TORONTO — Constance Wu has finally met the woman who inspired her “Hustlers” character and it turns out they have a few things in common.
The “Crazy Rich Asians” star says while filming the comedy-drama, about the true story of savvy strippers who fleeced Wall Street clients, the only reference point she had for her role as Destiny was the script and a New York Magazine article about the women behind the headlines.
But that changed when, just days before the film’s world premiere at the Toronto International Film Festival last weekend, she came face-to-face with the former dancer she portrays onscreen: Roselyn Keo, who is about to release a book about her experience.
“I just met her a few nights ago,” Wu said in an interview at the festival.
“It was great. My best friend is Cambodian-American, my best friend from high school, and so is Rosie. We just had a lot of similarities. And my best friend is a Cancer, and so is she, so I was just like, ‘Oh, this is so funny.’
“She’s just like an open book and this is all really exciting for her.”
In theatres Friday, “Hustlers” also stars Jennifer Lopez as Ramona, a star stripper who takes rookie Destiny under her wing — or, in this case, an extravagant fur coat — and teaches her pole dancing in a club frequented by Wall Street clientele.
When the 2008 financial crisis hits and affects the club’s business, Ramona recruits Destiny and several other strippers in a scheme to lace the drinks of rich business types and give them a wild night while maxing out their credit cards.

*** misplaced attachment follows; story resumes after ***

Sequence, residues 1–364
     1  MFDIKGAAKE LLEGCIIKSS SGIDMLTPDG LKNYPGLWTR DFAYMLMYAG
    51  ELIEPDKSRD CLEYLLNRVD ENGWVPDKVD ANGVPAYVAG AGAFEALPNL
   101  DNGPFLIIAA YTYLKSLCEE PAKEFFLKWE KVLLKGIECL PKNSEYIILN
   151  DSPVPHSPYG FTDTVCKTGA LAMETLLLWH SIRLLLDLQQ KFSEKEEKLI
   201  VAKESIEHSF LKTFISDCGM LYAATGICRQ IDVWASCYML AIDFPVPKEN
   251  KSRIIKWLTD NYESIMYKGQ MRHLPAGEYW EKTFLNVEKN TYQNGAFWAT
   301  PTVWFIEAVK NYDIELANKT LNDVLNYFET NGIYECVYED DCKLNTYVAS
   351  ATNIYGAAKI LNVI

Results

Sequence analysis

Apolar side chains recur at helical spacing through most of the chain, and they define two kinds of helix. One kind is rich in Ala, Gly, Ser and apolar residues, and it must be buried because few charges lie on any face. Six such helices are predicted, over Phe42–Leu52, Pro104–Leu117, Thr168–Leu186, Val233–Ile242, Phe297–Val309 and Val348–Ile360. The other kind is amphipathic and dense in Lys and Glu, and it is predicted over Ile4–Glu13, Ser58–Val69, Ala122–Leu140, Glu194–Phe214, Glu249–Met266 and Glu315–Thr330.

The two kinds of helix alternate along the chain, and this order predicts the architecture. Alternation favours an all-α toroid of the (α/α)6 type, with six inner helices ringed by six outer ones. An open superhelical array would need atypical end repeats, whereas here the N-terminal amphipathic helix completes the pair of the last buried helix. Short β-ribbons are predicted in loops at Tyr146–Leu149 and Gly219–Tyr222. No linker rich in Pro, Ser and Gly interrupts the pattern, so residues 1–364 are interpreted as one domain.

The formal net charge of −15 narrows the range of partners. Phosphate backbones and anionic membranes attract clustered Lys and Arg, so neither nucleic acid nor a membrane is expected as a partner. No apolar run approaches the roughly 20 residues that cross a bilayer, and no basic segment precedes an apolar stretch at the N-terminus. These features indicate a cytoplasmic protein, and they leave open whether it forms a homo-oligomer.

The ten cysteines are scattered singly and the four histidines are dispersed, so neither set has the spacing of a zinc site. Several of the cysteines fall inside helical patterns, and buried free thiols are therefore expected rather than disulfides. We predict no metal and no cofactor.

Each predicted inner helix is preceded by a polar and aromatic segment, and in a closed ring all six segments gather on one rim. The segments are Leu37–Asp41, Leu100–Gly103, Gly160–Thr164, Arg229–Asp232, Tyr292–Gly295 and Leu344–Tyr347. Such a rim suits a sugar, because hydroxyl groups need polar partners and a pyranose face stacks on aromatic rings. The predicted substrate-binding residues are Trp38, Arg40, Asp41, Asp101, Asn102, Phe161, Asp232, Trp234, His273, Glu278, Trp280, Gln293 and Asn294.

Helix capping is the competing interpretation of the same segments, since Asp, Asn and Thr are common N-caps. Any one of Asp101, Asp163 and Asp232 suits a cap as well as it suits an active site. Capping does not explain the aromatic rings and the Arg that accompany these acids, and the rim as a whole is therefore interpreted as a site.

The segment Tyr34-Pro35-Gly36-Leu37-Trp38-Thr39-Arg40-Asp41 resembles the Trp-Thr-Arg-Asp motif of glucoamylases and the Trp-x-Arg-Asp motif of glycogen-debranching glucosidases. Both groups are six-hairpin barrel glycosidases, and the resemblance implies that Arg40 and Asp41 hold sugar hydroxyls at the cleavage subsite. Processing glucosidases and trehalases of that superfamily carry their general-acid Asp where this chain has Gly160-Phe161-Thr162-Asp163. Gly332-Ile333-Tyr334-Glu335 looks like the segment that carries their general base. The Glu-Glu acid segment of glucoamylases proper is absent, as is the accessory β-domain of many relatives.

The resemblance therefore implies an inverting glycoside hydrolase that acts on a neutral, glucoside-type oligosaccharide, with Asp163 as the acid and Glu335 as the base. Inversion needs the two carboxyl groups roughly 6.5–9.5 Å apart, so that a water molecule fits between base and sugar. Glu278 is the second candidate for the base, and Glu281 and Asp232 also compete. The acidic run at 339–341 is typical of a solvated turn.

Lorene Scafaria wrote and directed the story, which also stars Cardi B, Keke Palmer, Julia Stiles, and Lizzo.
“At the time I read the script, I was really looking for a project that told the story about loneliness, because I think loneliness is very pervasive in our culture, and I think that’s why we’re so politically polarized right now,” Wu said, noting her character feels isolated from being abandoned by her mother as a child.
“I think social media has caused us to have the illusion of connection but we really actually aren’t connecting as much anymore, because we’re on our phones.”
“Hustlers” is getting rave reviews for delivering a lively look at the world of stripping but also a nuanced portrayal of the women and socioeconomics within it.
“Objectively these are women who use their bodies for entertainment to make money — that is exactly what a pro athlete does,” Wu said.
“But our society shames strippers way more than they shame pro athletes. In fact, pro athletes are considered almost God-like to some people. I’m not saying it’s right or wrong to do that, but it’s just interesting to look at and to understand the expectations we have for gender.”
The strippers in the “Hustlers” story are exploiting a society that tells men “they’re worth the size of their bank accounts” and makes some of them hustle and do illegal things in order to boost that value and emotional currency, she added.
“Wall Street versus these girls drugging these men and taking advantage of this: One gets shamed and the other one (the Wall Street clients) should be in jail, but they’re not,” Wu said.
“It just says how our culture allows women to exist.”
Ultimately it’s a complex story of women’s empowerment, with the women dancing not just for men but also for themselves, said Wu, who compares the film to Martin Scorsese’s mob classic “Goodfellas.”
“These women are doing objectively bad things: They’re drugging men and robbing them,” Wu said. “And the gangsters in ‘Goodfellas’ are doing really bad things, but they’re likable characters, you understand how they’re gaming the system.
“But I do think there’s one key difference, and that is that ‘Goodfellas’ glamorizes that lifestyle. The first line of that movie is, ‘All my life, I wanted to be a gangster’ and the last line of that movie is essentially ‘I’m not a gangster anymore and I’m so … bored, I wish I was still gangster.’ Our movie has the beats and has those different types of characters and everything like that, but Lorene is very careful not to glamorize it.
“Yes, there are glamorous moments … but people’s lives get destroyed.”
Victoria Ahearn, The Canadian Press